Empty Calistoga braces as Tubbs fire expands in Napa County
CALISTOGA – Twenty-four hours after Cal Fire issued a mandatory evacuation of this town of 5,200 at the upper corner of Napa Valley, the scene might have been lifted from a post-apocalyptic novel. The only sounds to be heard Thursday afternoon were the rumblings of police motorcycles and caravans of firetrucks, the streets otherwise empty under a hazy sky.
North of city limits, the hills were in flames.
Sunday night, the Tubbs fire started just outside of town here and swept west at a terrifying speed, roaring all the way to Santa Rosa — a distance of 10 miles in under 6 hours — consuming entire neighborhoods in its path. After a change in the winds, the remnants of that blaze started to burn east, reaching the flank of Mount St. Helena.
From Knights Valley, just over the hill from Calistoga on Highway 128, billowing smoke was visible from the lower elevations of the mountain’s west buttress.
And Thursday morning, the fire jumped Highway 29 on the southern side of the peak, somewhere between the crest of the highway at Robert Louis Stevenson State Park and the intersection of 29 and Old Lawley Toll Road. Then, according to Franz Valley volunteer fireman and nearly lifelong resident Bud Pochini, the wind shifted and the fire doubled back just as it reached the scenic Palisades that help make Calistoga so picturesque.
Pochini had scarcely stopped working since Sunday night, though his own house in Knights Valley, and his sister’s next door, were among the casualties.
The battle against the fire was being fought in extremely steep and rugged terrain amid erratic winds, said Lake County Cal Fire division chief Greg Bertelli.
So far, no structures have burned within city limits.
“Right now, the object is to kick the crap out of the fire and keep the people safe,” said Calistoga Mayor Chris Canning.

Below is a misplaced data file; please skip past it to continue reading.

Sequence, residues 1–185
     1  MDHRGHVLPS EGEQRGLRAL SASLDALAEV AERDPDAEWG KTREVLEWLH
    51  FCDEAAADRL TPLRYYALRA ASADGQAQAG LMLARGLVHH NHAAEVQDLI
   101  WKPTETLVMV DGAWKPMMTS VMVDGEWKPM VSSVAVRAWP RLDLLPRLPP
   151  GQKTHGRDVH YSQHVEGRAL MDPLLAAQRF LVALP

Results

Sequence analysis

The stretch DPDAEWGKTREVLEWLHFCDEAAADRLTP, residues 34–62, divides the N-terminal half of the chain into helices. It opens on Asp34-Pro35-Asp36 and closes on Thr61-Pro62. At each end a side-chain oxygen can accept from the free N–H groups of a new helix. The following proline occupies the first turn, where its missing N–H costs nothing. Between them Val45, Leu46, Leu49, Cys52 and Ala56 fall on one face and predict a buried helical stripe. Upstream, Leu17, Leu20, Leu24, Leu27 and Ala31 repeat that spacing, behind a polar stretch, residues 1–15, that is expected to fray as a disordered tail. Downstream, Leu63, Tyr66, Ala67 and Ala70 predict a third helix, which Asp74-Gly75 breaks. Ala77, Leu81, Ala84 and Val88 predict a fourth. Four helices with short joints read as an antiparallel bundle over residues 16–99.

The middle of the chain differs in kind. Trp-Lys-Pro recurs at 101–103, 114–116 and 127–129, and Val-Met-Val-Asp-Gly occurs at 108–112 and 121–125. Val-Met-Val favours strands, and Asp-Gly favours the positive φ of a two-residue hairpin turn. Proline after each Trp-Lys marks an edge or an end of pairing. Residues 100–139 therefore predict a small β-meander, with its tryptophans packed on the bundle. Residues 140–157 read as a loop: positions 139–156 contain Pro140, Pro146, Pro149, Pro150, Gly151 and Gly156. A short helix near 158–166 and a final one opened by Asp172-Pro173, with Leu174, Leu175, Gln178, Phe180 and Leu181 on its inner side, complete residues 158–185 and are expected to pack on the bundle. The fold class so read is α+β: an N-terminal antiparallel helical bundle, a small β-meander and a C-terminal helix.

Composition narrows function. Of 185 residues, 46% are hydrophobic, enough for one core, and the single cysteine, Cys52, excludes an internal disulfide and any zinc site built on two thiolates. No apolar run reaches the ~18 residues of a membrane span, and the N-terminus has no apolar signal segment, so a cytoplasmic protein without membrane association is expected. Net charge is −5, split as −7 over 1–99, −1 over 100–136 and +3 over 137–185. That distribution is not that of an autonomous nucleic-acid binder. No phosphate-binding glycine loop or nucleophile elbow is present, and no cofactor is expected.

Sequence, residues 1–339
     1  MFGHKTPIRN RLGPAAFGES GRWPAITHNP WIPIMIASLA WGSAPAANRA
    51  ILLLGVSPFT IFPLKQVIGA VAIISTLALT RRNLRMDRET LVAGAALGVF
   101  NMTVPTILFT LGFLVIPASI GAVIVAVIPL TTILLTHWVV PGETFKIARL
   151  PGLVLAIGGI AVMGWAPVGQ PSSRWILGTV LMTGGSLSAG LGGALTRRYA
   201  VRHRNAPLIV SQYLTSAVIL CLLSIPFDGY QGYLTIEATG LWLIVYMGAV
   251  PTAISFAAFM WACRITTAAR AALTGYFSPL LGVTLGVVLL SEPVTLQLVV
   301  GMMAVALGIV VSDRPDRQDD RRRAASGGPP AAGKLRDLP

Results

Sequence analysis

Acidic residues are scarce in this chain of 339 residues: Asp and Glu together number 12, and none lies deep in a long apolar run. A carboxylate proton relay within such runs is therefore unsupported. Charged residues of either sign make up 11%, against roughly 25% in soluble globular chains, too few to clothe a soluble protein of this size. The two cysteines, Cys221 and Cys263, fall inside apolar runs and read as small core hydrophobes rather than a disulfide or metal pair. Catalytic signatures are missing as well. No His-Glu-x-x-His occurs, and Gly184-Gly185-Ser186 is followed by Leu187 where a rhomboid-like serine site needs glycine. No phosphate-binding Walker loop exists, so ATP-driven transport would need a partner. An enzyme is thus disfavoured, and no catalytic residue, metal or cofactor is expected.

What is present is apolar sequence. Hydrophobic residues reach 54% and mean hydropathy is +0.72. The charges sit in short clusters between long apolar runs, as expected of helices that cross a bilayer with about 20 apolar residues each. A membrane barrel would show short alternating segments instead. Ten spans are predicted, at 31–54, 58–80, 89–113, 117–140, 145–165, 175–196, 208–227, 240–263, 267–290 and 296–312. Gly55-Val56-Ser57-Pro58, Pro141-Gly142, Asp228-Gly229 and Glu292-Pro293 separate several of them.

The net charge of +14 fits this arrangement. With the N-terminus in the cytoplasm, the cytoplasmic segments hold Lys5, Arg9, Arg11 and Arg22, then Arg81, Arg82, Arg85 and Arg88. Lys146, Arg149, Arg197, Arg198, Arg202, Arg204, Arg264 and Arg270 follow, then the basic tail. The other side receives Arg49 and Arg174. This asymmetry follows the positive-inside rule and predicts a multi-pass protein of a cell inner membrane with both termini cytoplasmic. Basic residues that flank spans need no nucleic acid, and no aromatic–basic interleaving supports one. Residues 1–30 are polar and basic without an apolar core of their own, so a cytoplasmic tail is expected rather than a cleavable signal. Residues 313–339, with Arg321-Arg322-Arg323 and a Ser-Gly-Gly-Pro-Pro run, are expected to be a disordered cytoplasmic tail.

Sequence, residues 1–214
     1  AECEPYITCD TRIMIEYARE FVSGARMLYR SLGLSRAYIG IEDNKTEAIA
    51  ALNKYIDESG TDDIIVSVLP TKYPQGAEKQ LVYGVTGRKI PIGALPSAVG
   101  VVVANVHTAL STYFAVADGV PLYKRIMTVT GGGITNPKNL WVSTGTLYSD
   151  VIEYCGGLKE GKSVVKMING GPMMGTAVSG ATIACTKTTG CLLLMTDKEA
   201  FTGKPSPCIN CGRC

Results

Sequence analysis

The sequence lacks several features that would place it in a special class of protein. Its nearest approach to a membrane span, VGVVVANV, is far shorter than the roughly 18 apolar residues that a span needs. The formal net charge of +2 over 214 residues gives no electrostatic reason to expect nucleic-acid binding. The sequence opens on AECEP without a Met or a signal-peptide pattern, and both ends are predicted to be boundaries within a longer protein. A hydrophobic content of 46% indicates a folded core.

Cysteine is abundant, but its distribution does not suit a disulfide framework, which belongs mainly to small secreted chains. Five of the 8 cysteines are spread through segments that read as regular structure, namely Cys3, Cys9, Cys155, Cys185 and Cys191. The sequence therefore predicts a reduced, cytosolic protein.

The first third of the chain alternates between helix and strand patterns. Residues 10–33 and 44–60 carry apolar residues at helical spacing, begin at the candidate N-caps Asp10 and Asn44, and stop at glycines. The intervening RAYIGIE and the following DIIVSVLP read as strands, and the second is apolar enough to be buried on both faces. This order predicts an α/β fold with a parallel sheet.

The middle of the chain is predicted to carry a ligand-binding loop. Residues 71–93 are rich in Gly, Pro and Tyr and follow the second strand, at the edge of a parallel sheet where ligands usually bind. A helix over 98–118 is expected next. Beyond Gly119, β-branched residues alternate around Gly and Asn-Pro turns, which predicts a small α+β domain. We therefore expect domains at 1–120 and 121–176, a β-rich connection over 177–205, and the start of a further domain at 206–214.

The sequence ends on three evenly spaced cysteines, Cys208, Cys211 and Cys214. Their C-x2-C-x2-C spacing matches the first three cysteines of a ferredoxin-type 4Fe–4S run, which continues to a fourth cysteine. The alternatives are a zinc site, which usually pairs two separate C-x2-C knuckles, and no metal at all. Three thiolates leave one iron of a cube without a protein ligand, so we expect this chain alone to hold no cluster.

The Napa County Fairgrounds served as staging grounds for a massive firefighting operation that included dozens of fire engines, EMT and law enforcement vehicles from all over the state to help manage traffic.
Calistoga was the only town in Wine Country subject to complete evacuation, and its normally bustling downtown, with 19th-century stone buildings and western facades, was deserted Thursday. Most of the storefronts were dark, though a few pieces of neon remained lit. The electronic sign at the Smoke Shop liquor store still displayed current payouts for the various state lottery scratchers. A newspaper rack offered Tuesday editions of several papers.
The townspeople hadn’t had much time to pack up Wednesday when ordered out. Only a couple of downtown business even had notes on their doors. Soo Yuan, a Chinese restaurant, informed customers with a sign that read, “We are sorry to say, but due to recent events our restaurant will be closed for the day.” The Calistoga Roastery, a popular coffeehouse, couldn’t staff its counters, adding in a sign: “However, we will be open when we can and are optimistic that we will be back to business as usual before the end of the week.”
That now seems impossible.
Around town, Calistoga’s residential streets were all but dormant. A few houses had sprinklers running continuously; at a couple of them, occupants had placed the sprinklers atop the roofs.